As Hans worked in the mines, Margaret, a stern disciplinarian, taught little Martin the Lord’s Prayer, the Ten Commandments, and the Apostles’ Creed. The Luthers celebrated Mass each week. They instilled in Martin a love for singing, both in the church choir and at home with family.

Consistent with the Church’s teaching of the day, Martin learned of a Jesus who not only came to save but who also judged, demanding holy living and exacting a dreadful wrath over those who fell short. This tough teaching gripped Martin and caused him great agony for the first part of his life.

At eight years old, Martin started school. He learned Latin from strict teachers who governed with harsh discipline. Despite the school’s rigid setting, he performed well. At age thirteen and showing promise, Martin continued his education. He progressed through a series of schools, as was the practice of the day for students with potential. This prepared him for a professional job, possibly in law, which his father desired for his son. For the most part, Martin accepted his dad’s career preference. A highly respected occupation, a career in law would provide Martin with a good income.

But Hans could afford to pay for only part of Martin’s schooling. As the accepted practice of the day, the lad would try to make up the difference through begging and street singing. Despite this, Martin relished learning. He desired to honor his dad by becoming a lawyer, even though young Martin felt occasional pulls to serve God and the Church, a profession that lacked both the pay and the prestige of law. Martin Luther struggled to balance spiritual concerns with his father’s push to pursue law. Click To Tweet

At eighteen, Martin began the final phase of his education, which his dad could now fully cover. An excellent student, Martin soon earned his bachelor’s degree and then his masters two years later.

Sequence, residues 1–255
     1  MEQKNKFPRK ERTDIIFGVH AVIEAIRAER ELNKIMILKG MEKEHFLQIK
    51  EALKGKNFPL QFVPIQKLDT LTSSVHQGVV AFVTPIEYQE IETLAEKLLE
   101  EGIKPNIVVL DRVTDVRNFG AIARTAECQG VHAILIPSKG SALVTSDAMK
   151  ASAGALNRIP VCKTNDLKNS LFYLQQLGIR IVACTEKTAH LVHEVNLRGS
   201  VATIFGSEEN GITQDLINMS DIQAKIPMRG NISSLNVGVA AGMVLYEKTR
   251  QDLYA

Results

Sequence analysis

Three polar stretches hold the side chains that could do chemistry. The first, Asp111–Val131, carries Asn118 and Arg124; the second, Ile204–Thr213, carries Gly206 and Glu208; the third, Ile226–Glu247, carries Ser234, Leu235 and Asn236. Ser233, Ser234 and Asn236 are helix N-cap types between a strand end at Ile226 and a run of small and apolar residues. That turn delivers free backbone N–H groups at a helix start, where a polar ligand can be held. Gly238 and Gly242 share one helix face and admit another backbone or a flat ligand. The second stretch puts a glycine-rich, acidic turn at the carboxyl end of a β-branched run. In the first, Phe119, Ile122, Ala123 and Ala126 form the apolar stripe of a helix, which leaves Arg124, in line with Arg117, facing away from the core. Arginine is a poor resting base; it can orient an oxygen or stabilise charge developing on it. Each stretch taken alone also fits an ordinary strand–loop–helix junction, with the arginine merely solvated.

The Early Years of Martin Luther in 95 Tweets - Celebrating Martin Luther in the 21st Century, by Peter DeHaanYet he continued to struggle to balance his personal worries about spiritual issues of sin and punishment, as taught by the church, with his father’s push for him to pursue law. Martin vacillated between honoring the wishes of his dad—a man he both loved and feared—and responding to God’s call. Despite not liking the legal profession, Martin chose to follow the wishes of his father.

This is from Peter DeHaan’s book 95 Tweets: Celebrating Martin Luther in the 21st Century. Buy it today to discover more about Martin Luther and his history-changing 95 theses.

Tweeting Martin Luther

Martin Luther’s 95 concerns were distributed in printed form and essentially went viral

Martin Luther lived five hundred years ago. He was born at the dawn of the modern era. He became a leading figure in the Protestant Reformation. A key technology in birthing the modern era was the printing press.500 years ago, Martin Luthers' 95 theses went viral

The printing press also helped drive the Reformation. It propelled the spread of information. This moved a premodern society into the modern era. (A similar change occurs today, as the internet helps us move from the modern era into the postmodern era.)

This printing technology broadcast a message of spiritual enlightenment to a people poised for religious change. We politely refer to the transformation that emerged as the Protestant Reformation, but the word revolution might better describe the spiritual rebellion that followed.

The fuse that ignited this came from a list of ninety-five concerns that this German monk had about the abuse of one specific church practice: the sale of indulgences, which, at the risk of oversimplification, allowed people to buy their salvation. We call Luther’s talking points ninety-five theses. He wrote it in Latin, so the masses wouldn’t know about his concerns.

However, without Luther’s knowledge, well-meaning followers translated his ninety-five theses into German and printed copies for the people to read. This turned his handwritten list into a printable tract, which saw wide distribution throughout the country and spread his concerns to a much larger audience.

Though not all Germans could read German, they could understand it as others read to them. What they heard disturbed them, likely in part because many of them had paid for full indulgences, which Martin essentially outed as a scam.

Then others translated his ninety-five points into other European languages. This spread his message across the continent. Though five centuries prior to the internet, his list of ninety-five theses went viral—long before the information super highway and Twitter existed.The private discussion Martin Luther sought with Church leaders never happened. Instead... Click To Tweet